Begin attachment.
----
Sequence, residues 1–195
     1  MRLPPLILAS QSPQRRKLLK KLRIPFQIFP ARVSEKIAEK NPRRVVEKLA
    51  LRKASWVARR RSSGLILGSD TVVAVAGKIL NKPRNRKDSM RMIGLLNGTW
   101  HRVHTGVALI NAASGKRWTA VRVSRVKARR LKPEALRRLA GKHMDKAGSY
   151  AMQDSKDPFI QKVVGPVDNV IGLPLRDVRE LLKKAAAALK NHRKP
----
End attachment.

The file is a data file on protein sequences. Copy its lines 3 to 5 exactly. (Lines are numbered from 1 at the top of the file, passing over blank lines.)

    51  LRKASWVARR RSSGLILGSD TVVAVAGKIL NKPRNRKDSM RMIGLLNGTW
   101  HRVHTGVALI NAASGKRWTA VRVSRVKARR LKPEALRRLA GKHMDKAGSY
   151  AMQDSKDPFI QKVVGPVDNV IGLPLRDVRE LLKKAAAALK NHRKP